Why are shopping centre chain restaurants so popular in France?

France may be better known for its haute cuisine, but anthropologist Dr Fanny Parise says Covid could see humbler retail park eateries become more popular than ever

4 October 2021

The familiarity of shopping centre restaurants is comforting and Dr Parise predicts this wave of nostalgia will grow, post-Covid, just as clothes fashion now echoes the 1980s Pic: Philip Lange / Shutterstock

An unwitting tweet by an American tourist enthusing over a meal in a La Pataterie chain restaurant provoked a minor social media storm in September.

As its name suggests, La Pataterie, a chain restaurant with 90 branches in France, specialises in potato dishes.

The effusive tweet was initially met with mockery, especially by Parisians, but the tide soon turned and thousands of people spoke out in favour of the restaurant chain, as well as championing other out-of-town shopping centre eateries.

Much quoted was an opinion poll that found 80% of French people (pre-Covid) had eaten a meal in such a restaurant in the past year.

Anthropologist Fanny Parise has made her name observing and interpreting social trends, and she explained to The Connexion some of the reasons why French restaurants do not just cover the tourist image of fine dining, bistro or family cooking styles.

“Shopping centres where these restaurants are mainly situated are symbols par excellence of peri-urban life, but also of the society of leisure and consumption of the last century,” she said.

“They represent part of our cultural heritage and we see them as a stereotype of a specific lifestyle.

“In a period of uncertainty for many people, like we have now, the quaint and kitsch style of many shopping centres appeals to our sense of nostalgia.

“Even if we say we now detest the areas, the nostalgia remains.

“This type of restaurant is also driven by specific uses, and so reassures people.

“People associate them with going on holiday, for example, occasional Sunday treats for the family, dining after a day’s shopping, dining somewhere near to your work, and so on. These uses are foreseeable and reassuring, and the restaurants play on these sentiments by having aesthetic frames which are very recognisable, a strong restaurant style in each establishment in the chain, and ‘safe’ cooking which matches it.”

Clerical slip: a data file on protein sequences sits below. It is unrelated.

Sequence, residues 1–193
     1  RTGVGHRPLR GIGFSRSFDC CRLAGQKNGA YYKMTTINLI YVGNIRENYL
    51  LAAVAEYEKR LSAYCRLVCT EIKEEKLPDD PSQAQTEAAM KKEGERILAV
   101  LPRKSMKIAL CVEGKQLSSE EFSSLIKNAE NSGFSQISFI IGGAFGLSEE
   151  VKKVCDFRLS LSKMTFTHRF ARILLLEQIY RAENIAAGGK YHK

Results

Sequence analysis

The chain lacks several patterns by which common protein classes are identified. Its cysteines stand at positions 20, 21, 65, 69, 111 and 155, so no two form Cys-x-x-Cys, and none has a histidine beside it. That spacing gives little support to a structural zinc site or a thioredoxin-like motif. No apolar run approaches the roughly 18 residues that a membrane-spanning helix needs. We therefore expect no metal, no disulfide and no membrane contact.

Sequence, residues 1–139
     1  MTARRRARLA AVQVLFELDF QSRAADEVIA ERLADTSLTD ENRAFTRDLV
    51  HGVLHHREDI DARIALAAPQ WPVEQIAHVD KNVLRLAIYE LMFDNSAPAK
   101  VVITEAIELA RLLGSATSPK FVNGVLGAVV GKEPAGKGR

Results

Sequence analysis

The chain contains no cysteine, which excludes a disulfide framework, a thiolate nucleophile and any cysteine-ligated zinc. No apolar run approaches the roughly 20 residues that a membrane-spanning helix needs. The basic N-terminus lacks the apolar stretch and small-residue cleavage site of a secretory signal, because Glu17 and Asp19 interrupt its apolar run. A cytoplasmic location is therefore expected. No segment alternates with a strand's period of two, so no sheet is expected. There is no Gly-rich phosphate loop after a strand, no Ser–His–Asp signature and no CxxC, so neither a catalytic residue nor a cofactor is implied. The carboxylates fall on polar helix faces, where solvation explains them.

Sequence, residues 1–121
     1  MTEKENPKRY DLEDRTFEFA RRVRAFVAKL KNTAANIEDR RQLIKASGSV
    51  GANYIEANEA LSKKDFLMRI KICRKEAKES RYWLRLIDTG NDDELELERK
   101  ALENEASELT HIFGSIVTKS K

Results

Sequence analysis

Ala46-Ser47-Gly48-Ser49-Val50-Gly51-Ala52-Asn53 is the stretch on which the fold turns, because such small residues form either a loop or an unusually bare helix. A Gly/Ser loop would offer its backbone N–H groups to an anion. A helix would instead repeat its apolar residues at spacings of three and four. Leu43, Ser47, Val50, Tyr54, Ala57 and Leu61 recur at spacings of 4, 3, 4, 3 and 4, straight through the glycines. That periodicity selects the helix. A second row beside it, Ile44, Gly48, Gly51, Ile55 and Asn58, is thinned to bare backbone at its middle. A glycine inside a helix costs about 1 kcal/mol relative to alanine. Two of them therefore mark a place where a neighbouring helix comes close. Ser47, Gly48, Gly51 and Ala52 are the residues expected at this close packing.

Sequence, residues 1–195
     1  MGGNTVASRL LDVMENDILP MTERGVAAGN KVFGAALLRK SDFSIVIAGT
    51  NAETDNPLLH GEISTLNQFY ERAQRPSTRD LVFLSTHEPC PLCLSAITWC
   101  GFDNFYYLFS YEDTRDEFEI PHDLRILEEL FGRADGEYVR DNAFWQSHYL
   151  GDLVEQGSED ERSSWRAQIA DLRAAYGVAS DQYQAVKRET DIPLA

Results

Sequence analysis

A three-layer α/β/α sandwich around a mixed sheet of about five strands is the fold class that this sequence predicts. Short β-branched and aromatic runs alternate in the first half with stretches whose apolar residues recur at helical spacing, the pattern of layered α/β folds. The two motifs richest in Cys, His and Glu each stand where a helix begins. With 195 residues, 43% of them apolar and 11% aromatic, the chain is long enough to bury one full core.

This is the opposite, she said, of having a unique dining location where you discover new cooking and tastes.

Nevertheless, the familiarity of shopping centre restaurants is comforting and Dr Parise predicts this wave of nostalgia will grow, post-Covid, just as clothes fashion now echoes the 1980s. “Everything we say we detest about these establishments – that they are too big and impersonal, and have robot-like cooking – could become symbols of a lifestyle which many people now see as being more authentic than they have now.

“The popularity of certain French restaurants as an expression of a social group, which shifts according to the times,” she said.

Buffalo Grill: head of the pack with more than 300 restaurants 

By far the most ubiquitous of the French chain restaurants is Buffalo Grill, with its steeply sloping red roofs often visible from ring roads and roundabouts. It offers a western theme, more Lucky Luke than Hollywood, and a menu heavily based on steak-frites, a guaranteed success for most children (and many adults.)

Salads are free and, like most other chain restaurants, there is often a children’s play area, sometimes even with a cowboy- or cowgirl-dressed supervisor.

After a rocky spell 20 years ago caused by the mad cow disease crisis, which nearly saw the chain go under, it has managed to bounce back.

Last year, it bought its rival Courtepaille (an amusing name for English-speakers) from the receivers, making a group with 600 establishments, 200 of which are run by franchisees, and which in 2019 boasted sales of some €800million.

Courtepaille has a strong presence at motorway service stations, and also specialises in steak-frites but with a ‘traditional French restaurant’ atmosphere instead of the cowboys at Buffalo Grill.

Courtepaille publicit

Courtepaille publicity vehicles during the 2014 Le Tour de France | Photo: Radu Razvan / Shutterstock

Diners usually spend €17.50 a head at a Buffalo Grill and €20 at a Courtepaille.

La Pataterie also flirted with closure, being bought by its present owners in 2017 from the receivers after the previous owners borrowed too much to expand quickly.

Its 90 restaurants, all with a ‘French country restaurant’ theme, are in the process of being upgraded, but the menus, based on potatoes as a main dish and a large choice of desserts, remain the same.

New kids on the roundabouts pop up regularly. In recent years, Au Bureau has made a name for itself with around 160 restaurants, split between town centres and shopping centres. Like Buffalo Grill, it is heavily themed – in this case, based on an English pub.

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